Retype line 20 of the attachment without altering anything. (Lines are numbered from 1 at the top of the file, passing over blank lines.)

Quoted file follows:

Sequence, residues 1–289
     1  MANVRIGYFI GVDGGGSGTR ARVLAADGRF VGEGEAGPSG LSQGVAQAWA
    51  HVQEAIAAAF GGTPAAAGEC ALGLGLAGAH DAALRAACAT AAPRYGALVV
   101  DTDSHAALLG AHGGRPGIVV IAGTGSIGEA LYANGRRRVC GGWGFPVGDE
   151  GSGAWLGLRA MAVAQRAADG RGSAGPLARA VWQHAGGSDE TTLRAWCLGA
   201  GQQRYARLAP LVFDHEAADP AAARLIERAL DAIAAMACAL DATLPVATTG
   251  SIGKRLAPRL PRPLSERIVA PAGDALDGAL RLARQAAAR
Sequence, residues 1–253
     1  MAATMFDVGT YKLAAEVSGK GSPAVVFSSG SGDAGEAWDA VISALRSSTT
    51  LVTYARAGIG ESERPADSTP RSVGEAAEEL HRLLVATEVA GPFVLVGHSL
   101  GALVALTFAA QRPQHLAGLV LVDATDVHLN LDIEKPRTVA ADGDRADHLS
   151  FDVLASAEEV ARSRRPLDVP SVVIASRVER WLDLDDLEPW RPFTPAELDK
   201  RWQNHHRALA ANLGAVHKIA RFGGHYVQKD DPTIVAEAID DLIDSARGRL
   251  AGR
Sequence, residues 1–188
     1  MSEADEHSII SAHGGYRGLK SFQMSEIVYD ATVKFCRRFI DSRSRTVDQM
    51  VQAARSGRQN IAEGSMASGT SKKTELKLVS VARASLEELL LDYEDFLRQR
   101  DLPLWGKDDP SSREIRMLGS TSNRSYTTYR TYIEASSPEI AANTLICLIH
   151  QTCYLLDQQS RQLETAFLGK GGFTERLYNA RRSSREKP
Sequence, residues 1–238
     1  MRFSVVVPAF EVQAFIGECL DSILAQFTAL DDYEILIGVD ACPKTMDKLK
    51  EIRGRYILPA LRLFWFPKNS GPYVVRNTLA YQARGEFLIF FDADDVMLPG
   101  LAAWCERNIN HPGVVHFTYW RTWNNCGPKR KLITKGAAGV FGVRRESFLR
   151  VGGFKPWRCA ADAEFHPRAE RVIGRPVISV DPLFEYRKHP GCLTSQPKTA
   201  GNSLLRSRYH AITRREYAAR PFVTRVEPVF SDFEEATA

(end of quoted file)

Sequence, residues 1–238